5 interesting facts about Don Bradman
|Published August 27, 2016
Sir Donald Bradman is undoubtedly the greatest batsman in the history of the cricket. In fact, he can easily be called the greatest cricketer of all time, but there are those who vouch for Sir Garfield Sobers. Here are 5 interesting facts about Don Bradman.
India has always been a hotbed for Bradman comparisons. In the 70s and 80s, Sunil Gavaskar scaled peaks hitherto unknown, and there were clamours that he was at par with the Don. A generation later, Sachin Tendulkar arrived to steal Gavaskar’s crown. And people were convinced that the Don couldn’t have been better than him. These opinions, rather fallacies, require an analytical survey. For now, let us revel in the legend of Bradman.
1) Century in 18 minutes
In November, 1931 a 23 year old Bradman played for Blackheath. In the opposition was a certain Bill Black. Black, incidentally, had bowled Bradman in a game, a few weeks back. The man had the audacity to boast about it. The news reached Bradman’s ears.
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Those were the days of eight ball overs and it took Bradman just three overs to get his hundred. The sequence was as follows — 6, 6, 4, 2, 4, 4, 6, 1, 6, 4, 4, 6, 6, 4, 6, 4, 6, 6, 1, 4, 4 and 6. He brought up his 100 in 18 minutes and from 22 balls.
Black pleaded to his captain to be taken off, with good reason. He had been smacked for 62 from his two overs. Out of Blackheath’s score of 357, Bradman got 256, an innings that included 29 fours and 14 sixes. Those harbouring doubts about Bradman’s efficiency in the T20 era, would do well to learn of this.
2) Rift with team mates
In spite of being the greatest cricketer of his times, Bradman wasn’t exactly the most popular guy around. He had several well publicised rifts with team mates and opponents.
In the 1930s, when Australian cricket was riding the crest of the Don Bradman tidal wave, the issue of sectarianism had created a chasm within the great side. The team was divided into protestants, including Bradman, and Catholics, chief among them, Jack Fingleton and Bill O’ Reilly.
Also contributing to this were the facts that Bradman was a teetotaller and his parsimony. As a result, when Bradman received monetary gifts from wealthy business people, he did not offer to buy his teammates a drink.
Bradman also had a rivalry with English batsman Sir Walter Hammond. But for Bradman, Hammond would have been known as the greatest cricketer of his time. Hammond made his debut a year before Bradman, and therefore found himself being overshadowed by the Don throughout his career. This caused the Englishman a great deal of resentment.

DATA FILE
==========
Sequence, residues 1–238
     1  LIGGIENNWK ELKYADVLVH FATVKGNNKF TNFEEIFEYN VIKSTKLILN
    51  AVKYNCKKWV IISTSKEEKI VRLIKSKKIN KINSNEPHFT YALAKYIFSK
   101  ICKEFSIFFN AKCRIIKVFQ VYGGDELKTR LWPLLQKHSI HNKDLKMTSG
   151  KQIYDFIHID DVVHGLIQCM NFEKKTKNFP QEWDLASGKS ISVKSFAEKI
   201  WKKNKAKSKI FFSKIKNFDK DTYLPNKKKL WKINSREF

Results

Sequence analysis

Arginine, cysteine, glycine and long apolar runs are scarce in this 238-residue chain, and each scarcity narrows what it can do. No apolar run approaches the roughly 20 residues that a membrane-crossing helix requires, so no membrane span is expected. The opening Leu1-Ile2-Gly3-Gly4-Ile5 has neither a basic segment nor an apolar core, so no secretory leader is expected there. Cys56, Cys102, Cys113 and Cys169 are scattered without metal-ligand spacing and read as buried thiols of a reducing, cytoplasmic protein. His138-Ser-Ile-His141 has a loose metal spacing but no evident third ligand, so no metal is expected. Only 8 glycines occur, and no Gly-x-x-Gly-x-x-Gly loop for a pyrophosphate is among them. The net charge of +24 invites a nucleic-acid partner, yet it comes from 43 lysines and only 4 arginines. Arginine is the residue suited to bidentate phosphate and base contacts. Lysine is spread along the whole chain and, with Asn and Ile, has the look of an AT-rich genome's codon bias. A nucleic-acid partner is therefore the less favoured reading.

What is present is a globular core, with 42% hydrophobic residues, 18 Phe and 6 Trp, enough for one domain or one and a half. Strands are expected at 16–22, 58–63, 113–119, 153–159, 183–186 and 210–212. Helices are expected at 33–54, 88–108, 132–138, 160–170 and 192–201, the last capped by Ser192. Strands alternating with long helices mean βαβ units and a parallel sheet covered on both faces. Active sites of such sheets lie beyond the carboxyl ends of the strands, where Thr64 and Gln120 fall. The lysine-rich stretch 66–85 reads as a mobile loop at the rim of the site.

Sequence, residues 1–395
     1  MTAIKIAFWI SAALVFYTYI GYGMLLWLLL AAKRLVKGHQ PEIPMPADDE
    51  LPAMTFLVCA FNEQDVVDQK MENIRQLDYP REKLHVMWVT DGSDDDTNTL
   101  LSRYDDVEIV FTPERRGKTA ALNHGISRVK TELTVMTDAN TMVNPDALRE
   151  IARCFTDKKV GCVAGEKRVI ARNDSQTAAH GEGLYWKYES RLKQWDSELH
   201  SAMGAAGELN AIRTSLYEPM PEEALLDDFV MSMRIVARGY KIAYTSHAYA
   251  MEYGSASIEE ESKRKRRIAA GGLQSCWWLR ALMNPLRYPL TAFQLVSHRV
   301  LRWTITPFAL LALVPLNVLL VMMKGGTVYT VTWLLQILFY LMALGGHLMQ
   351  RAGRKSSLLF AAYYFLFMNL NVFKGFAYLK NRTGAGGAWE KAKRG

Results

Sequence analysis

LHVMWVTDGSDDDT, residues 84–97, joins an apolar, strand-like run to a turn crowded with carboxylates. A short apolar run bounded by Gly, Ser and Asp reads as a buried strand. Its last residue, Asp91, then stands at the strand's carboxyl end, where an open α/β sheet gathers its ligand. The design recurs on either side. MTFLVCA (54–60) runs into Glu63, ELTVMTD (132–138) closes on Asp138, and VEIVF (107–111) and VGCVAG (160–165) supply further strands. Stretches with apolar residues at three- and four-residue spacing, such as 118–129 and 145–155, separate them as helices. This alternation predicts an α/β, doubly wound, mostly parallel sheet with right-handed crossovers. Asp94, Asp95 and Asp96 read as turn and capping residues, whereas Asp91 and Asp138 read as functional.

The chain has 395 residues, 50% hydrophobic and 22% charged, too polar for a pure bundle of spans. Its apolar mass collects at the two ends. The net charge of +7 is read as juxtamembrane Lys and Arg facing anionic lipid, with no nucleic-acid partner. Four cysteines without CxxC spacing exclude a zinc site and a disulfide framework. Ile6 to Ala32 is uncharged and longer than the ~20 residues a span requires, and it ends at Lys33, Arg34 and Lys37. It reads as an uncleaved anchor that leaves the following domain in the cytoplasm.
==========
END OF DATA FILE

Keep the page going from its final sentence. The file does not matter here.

3) 974 runs in five tests
In the summer of 1930, Bradman scored as many as 930 runs in that years Ashes. His sequence of scores read 8, 131, 254, 1, 334, 14, and 232. His aggregate of 974 runs has not been surpassed till date.
Not only that, Bradman’s 974 runs at 139.14 per innings had come in only 1,580 balls. His strike rate of 61.65 was incredible for those days. To put things in perspective, we look at the strike rates of his team mates. Bill Woodfull scored at 31.65 per hundred balls, Bill Ponsford at 40.14 and Allan Kippax at 39.07.
4) A century every third innings
Bradman is famous for his test match average of 99.94. He scored 6996 runs in 52 matches (80 innings), with 29 centuries. Therefore, his centuries are scored at a rate of more than one century every three innings. Dismissed for a duck in his final innings, Bradman finished 4 runs short of what would have been a remarkable average of 100 in test cricket.
Even in first class cricket, Bradman’s record stands head and shoulders above ordinary mortals. His ability and performance is brought to light with 28,067 runs in 234 matches (338 innings) at an average of 95.14. Not only that, he scored117 centuries. Here too we can see that he averages more than one century every three innings.
5) Passing the mantle to Tendulkar
In 1998, the Don celebrated his 90th birthday. Sachin Tendulkar was the only Indian cricketer invited to the gala. There is a famous photograph of Bradman, Sachin and Shane Warne together on the occasion.
Tendulkar discussed batting average with the great man. Revealing the conversation to The Guardian, the Indian batting maestro said, “We [Tendulkar and Warne] went to see him on his 90th birthday. It was very special. We were talking about averages and I said, ‘Sir Don, if you were playing today, what would you have averaged?’ And he said, 70 probably.’ I asked, ‘Why 70 and not your actual average of 99?’ Bradman said, ‘Come on, an average of 70 is not bad for a 90-year-old man.”
Bradman adored Tendulkar and saw shades of himself in the little master. He revealed as much to his wife on occasion. In fact Tendulkar and Warne were the only modern era cricketers in an All Time XI picked by Bradman. This, however, was published posthumously, and led to controversy, with some doubting its validity.
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